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Wealthy nations hoarding vaccines, says WHO

HEALTH & SCIENCEBy ALLAN MUNGAI | 1 month ago
By ALLAN MUNGAI | 1 month ago

The World Health Organisation is concerned that an initiative to supply poor nations with coronavirus vaccines cannot be accelerated because of the hoarding of the critical shots by well-to-do countries.

Covax (Covid-19 Vaccines Global Access), a programme headed by WHO that aims to supply 1.3 billion vaccine doses to poor and middle-income countries this year, has been slow off the ground.

Only two countries - Ghana and Cote d’Ivoire - have received batches of the vaccine under the plan.

But WHO is saying Covax risks falling behind its target due to competition for the vaccine doses by rich countries.

Speaking during a briefing on Friday, WHO Director-General Tedros Adhanom said while progress has been made in getting vaccines to states via Covax, the programme could not be accelerated if some countries approach vaccine manufacturers who are producing vaccines that Covax is counting on.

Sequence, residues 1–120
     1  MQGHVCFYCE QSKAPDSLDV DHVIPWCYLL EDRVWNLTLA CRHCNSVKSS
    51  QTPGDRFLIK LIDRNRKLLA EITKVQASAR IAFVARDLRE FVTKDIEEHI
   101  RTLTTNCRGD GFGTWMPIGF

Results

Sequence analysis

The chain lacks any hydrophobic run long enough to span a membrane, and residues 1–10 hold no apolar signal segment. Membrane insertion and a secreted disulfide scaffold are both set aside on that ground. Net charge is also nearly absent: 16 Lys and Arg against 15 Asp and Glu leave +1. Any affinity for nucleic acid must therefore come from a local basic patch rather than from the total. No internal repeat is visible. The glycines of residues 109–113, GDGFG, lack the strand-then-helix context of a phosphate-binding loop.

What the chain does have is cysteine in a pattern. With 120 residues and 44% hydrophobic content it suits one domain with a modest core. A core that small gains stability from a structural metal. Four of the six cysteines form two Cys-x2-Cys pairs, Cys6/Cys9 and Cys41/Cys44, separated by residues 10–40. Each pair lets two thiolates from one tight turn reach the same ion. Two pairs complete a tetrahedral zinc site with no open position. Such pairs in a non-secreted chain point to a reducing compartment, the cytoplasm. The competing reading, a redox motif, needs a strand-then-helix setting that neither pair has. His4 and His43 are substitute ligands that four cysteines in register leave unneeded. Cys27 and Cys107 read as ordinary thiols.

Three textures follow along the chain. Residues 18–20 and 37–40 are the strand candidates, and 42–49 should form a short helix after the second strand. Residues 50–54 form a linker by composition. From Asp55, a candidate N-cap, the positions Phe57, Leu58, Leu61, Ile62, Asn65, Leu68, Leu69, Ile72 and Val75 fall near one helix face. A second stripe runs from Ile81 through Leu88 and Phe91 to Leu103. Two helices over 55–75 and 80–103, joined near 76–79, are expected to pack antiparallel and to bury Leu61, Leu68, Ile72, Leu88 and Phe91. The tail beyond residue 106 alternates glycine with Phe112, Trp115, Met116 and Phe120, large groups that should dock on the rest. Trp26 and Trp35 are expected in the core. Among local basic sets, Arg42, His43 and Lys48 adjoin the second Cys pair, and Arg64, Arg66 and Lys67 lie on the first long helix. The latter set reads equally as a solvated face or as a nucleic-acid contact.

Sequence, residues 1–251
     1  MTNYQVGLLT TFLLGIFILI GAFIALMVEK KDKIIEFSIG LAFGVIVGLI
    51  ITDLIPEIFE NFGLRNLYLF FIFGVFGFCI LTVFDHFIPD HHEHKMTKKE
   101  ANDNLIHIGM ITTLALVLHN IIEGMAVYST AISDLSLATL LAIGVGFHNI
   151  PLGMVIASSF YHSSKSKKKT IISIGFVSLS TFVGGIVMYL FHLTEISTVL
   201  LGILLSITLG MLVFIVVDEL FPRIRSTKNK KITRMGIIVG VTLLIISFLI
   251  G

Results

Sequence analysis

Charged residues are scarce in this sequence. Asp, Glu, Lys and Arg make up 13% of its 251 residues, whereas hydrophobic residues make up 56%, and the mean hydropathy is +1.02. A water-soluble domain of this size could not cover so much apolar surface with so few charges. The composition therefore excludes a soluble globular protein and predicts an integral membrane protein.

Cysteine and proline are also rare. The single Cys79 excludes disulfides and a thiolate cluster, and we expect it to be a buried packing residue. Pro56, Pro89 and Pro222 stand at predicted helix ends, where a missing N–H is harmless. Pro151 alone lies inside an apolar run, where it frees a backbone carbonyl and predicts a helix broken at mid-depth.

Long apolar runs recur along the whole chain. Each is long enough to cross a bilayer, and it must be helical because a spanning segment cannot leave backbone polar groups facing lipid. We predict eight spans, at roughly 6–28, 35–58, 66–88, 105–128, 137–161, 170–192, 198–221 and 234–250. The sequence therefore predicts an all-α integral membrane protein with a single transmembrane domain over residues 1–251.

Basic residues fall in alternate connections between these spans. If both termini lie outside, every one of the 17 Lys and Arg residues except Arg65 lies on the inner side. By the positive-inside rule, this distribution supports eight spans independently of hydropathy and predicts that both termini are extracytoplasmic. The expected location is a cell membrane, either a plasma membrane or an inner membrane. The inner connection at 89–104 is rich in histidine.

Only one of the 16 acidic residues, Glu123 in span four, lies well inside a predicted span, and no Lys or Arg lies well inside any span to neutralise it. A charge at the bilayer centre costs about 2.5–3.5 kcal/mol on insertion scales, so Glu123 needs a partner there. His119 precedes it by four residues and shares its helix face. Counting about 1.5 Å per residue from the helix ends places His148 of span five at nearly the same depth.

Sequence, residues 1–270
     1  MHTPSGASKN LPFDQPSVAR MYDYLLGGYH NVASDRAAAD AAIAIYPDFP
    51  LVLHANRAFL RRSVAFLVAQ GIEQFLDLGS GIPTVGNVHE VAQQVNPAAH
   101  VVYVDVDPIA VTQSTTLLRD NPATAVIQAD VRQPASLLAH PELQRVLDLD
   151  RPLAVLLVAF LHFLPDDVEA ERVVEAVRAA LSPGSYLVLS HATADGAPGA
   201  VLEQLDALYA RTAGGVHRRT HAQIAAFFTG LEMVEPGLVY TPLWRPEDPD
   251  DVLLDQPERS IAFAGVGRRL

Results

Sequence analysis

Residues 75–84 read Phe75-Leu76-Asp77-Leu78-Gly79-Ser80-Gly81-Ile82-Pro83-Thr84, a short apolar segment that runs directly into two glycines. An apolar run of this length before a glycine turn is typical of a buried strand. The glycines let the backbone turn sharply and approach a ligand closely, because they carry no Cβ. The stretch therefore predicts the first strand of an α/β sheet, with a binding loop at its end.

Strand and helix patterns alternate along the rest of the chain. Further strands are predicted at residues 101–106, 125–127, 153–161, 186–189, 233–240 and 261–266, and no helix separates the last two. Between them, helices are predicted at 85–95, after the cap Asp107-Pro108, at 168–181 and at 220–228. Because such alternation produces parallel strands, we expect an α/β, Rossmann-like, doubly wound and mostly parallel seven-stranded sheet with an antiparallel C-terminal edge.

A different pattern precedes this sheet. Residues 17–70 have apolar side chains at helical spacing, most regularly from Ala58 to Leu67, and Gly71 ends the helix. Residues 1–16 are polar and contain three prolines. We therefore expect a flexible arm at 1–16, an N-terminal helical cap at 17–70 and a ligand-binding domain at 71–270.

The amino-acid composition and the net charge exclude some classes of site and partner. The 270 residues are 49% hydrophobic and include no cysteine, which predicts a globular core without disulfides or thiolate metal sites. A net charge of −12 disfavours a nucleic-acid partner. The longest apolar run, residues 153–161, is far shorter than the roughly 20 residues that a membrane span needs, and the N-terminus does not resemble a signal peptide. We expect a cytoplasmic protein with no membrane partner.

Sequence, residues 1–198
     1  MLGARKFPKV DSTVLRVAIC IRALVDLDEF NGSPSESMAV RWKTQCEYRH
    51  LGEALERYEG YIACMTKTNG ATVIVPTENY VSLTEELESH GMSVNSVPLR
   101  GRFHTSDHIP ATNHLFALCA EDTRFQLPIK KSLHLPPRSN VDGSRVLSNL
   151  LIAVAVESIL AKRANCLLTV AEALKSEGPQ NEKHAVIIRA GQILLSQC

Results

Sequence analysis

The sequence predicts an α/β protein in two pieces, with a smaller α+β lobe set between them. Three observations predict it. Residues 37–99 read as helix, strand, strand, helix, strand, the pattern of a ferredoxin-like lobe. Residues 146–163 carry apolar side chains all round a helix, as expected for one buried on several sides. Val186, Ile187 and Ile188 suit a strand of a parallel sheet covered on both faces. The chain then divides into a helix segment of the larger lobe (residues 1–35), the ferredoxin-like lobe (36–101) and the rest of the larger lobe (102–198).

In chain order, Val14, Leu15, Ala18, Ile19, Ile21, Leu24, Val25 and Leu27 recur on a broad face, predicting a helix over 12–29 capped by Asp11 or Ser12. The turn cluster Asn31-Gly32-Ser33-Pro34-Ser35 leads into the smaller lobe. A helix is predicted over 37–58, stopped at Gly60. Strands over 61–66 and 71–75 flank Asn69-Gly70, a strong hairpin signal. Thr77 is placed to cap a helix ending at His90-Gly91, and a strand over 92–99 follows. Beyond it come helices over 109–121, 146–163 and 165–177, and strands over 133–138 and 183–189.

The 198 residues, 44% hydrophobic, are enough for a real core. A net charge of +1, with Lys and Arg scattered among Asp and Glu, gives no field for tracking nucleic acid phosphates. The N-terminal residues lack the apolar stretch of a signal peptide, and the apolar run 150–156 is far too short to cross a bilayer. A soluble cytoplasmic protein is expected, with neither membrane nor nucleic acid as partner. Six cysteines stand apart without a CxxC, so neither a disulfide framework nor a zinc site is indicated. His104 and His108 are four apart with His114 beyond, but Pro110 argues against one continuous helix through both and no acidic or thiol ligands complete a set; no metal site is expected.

“These actions undermine Covax and deprive health workers and vulnerable people around the world of life-saving vaccines,” he said.

WHO said countries seeking their own Covid-19 vaccine doses and making deals with drug companies threatened the supply to poor and middle-income countries.

The health body had given itself the first 100 days of 2021 to distribute the vaccines but with 43 days left to go, a large number of countries are yet to get the vaccine. 

According to a distribution plan published by Covax Initiative, Kenya is in line to receive more than four million doses of the AstraZeneca/Oxford vaccine.

Kenya will receive enough of the vaccines made by the Serum Institute of India to immunise four per cent of the population (2,088,000 people). The vaccine requires two injected doses.

A Cabinet dispatch confirmed last week that Kenya was set to take delivery this week and, to that effect, a distribution framework had been ratified.

“In that regard, Cabinet ratified the distribution framework for the vaccine, with first priority being given to healthcare workers, frontline workers including security personnel, teachers, vulnerable persons and groups and hospitality sector,” said the Cabinet dispatch. 

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